“I was hearing the same story over and over again,” says neuropsychologist Dr Sherrie Baehr.

“It was one of isolation, sadness and loss of direction.”

These accounts came from brain injury survivors who, with depressing regularity, told Sherrie how society was rejecting them post-injury.

After one such tale too many, she decided to take affirmative action by launching a charity that enables people with brain injuries to help themselves by helping others.

The Silverlining Brain Injury Charity has, since being established in 2006, helped countless people across the UK to rebuild their confidence and sense of purpose and achievement through participation in activities in the community.

It’s an approach Sherrie developed to help people channel their many emotions into something purposeful; which has the dual benefit of helping communities and the people who live within them, while also giving the opportunity for people with brain injuries to take part in structured activities which can help their ongoing recovery.

“People might not fight for themselves as hard as they’ll fight for someone or a cause they care about. And because brain injury rehabilitation doesn’t end in six months, it doesn’t end in two years, it’s a forever process – why not make it have meaning and why not use it for the greater good?,”
says Sherrie.

Statistics show that someone in the UK is admitted to hospital with an acquired brain injury every 90 seconds – with such incidents up 10 per cent since 2006.

Sherrie is determined that Silverlining is a place for everyone, however they acquired their neurological issue and whatever their rehabilitation need.

“We do not discriminate in terms of how someone got their brain injury.

“We could have someone with a stroke, a brain tumour or a traumatic brain injury. We have people with MS, people with Parkinson’s.
If there’s something wrong with your brain, you’re welcome at Silverlining.”

Currently based in London, the charity also has branches in Surrey, Oxford, Bristol, Bath and Cardiff, and engages hundreds of people across the country.

Figures from the Centre for Mental Health suggest that good recovery rates for brain injury patients are as low as 14 per cent.

Against such statistics, Silverlining aims to provide an innovative route to better outcomes.

Its activities are varied, with a strong sense of purpose, ranging from raising funds and organising fundraising events for victims of domestic violence and for cancer charity Macmillan; to creating serenity gardens, and organising book and art clubs.

The charity even visited Namibia is 2018, its biggest project to date.

It took 23 of its ‘Silverliners’ to visit a school which was in desperate need of assistance.

During their short visit, the group made a great impact by teaching the children life skills and also got involved with the indigenous San tribe, by joining in their traditional ways of life.

As well as taking part in such enriching experiences – a trip to Kenya is lined up as the next adventure – Sherrie points to how the charity can be crucial in enabling people to rediscover their sense of direction.

“We had one girl who was a dentist prior to her injury, but afterwards she wasn’t able to practice dentistry.

“She was, however, able to get lots of dental toothbrushes and such things for children in Namibia, to give them a toothbrush and teach them how to take care of their teeth.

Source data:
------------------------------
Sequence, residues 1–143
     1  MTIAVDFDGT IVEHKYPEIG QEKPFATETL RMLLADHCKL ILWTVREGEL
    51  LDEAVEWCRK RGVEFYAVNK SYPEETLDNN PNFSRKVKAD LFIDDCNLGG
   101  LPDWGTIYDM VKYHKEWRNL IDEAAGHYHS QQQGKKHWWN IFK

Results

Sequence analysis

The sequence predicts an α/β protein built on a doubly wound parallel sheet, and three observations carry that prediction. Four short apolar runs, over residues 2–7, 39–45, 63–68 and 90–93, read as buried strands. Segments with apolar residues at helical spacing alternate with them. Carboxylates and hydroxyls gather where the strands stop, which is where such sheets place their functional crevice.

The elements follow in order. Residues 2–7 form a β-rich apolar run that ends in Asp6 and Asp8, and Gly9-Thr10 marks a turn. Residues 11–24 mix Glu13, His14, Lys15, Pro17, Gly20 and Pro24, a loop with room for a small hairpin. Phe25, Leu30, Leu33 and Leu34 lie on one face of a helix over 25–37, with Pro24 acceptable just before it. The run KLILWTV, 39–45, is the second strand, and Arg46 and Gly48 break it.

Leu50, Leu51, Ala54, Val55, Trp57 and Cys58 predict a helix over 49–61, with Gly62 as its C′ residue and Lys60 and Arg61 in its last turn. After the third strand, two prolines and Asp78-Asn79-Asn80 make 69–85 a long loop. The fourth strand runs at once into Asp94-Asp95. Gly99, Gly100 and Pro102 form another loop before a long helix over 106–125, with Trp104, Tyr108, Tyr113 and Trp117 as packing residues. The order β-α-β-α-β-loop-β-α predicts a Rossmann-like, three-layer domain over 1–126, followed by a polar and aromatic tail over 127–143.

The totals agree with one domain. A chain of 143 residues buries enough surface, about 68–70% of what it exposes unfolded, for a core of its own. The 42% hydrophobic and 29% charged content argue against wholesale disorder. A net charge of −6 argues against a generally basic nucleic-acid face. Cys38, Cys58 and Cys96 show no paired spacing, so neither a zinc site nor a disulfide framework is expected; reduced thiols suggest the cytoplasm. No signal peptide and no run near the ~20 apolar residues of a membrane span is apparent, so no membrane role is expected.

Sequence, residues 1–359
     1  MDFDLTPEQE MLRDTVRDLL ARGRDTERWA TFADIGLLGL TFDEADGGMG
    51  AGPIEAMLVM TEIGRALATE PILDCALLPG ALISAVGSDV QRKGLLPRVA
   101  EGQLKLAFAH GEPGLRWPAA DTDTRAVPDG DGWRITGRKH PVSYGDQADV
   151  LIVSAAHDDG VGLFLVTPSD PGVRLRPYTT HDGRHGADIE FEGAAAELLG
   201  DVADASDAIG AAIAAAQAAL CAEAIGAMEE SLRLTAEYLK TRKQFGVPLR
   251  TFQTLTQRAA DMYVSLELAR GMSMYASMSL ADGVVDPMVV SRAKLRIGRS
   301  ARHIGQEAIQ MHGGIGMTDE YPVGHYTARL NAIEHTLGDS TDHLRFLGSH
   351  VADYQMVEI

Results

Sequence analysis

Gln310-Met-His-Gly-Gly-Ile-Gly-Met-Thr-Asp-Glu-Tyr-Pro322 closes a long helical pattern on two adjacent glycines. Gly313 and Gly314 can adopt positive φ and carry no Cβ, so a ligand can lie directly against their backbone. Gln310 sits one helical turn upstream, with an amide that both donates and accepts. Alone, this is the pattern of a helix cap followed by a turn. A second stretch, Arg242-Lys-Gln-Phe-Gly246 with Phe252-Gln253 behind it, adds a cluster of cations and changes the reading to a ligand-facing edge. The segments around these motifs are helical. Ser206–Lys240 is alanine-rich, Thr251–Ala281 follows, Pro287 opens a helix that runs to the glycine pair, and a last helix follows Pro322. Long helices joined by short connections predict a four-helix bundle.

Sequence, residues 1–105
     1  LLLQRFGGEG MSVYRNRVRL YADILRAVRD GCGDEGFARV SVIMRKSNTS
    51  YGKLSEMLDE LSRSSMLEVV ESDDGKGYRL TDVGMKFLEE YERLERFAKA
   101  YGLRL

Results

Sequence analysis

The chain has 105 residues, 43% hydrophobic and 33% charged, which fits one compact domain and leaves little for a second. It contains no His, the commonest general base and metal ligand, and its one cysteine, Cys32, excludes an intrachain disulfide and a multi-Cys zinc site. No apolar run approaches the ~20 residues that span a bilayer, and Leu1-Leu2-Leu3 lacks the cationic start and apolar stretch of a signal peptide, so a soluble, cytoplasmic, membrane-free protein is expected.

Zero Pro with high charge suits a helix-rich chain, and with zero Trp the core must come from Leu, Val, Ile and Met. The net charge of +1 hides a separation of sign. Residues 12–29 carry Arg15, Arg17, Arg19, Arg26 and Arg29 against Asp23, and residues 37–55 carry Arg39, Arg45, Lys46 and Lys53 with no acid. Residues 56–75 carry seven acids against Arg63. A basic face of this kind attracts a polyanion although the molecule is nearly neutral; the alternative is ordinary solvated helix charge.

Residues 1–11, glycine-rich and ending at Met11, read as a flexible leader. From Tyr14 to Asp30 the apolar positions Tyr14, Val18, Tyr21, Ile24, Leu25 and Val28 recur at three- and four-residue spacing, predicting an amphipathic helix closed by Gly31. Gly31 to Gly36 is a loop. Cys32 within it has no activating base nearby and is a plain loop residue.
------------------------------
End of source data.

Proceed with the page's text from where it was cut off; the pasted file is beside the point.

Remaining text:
“That was really meaningful. People feel like there’s an awakening of what they can do.

“Where so often in brain injury the focus is on what I’ve lost, Silverlining really tries to shift that to ‘Hey, but you’re alive, and you must be here for a reason. What can you do to make a difference?’”

While Silverlining is making great strides in helping to change the outlook and positivity of brain injury survivors themselves, Sherrie admits there is work to be done in society as a whole in changing the perceptions of what roles they can play.

“I worked with a medical student who had a brain injury during a simple medical procedure where it went wrong. Her brain injury was quite severe but she was determined to get back to work.

“One day, we finally got her into a volunteer post. She called me a week later, saying ‘Sherrie, I’m going to quit. I can’t sit in the corner and shred papers for the rest of my life.’

“One of the sad things about that was that she was labelled as lazy by her colleagues, which was terribly sad because she was probably working ten times harder than anyone else.”

While running a charity which helps people with brain injuries is never without its challenges, Silverlining’s focus on the ongoing support it provides to members is proving central to its success.

“Because of the group support and experience, we have not had as many behavioural problems as you might have expected. If you’d asked me 12 years ago, I would have expected a lot more behavioural outbursts,” she says.

“We have to make sure we have the right amount of volunteer support to make sure that we understand the triggers, we manage them and keep everybody safe.” Currently, the charity is self-funded, with members and their families being a great fundraising resource, although it is looking to access more funding to enable its work, and crucially, opportunities for those who need them, to continue.

Sherrie, who combines running the charity with her full-time job, says: “We’ve never had a bit of Government funding, it’s all been Silverliners and their families who have done walks, runs, cake sales, bake sales, quiz nights.

“We are currently doing research on the effectiveness of our different interventions so that in the future, we hope to be able to prove what we’re doing is useful and get greater funding sources to do more.”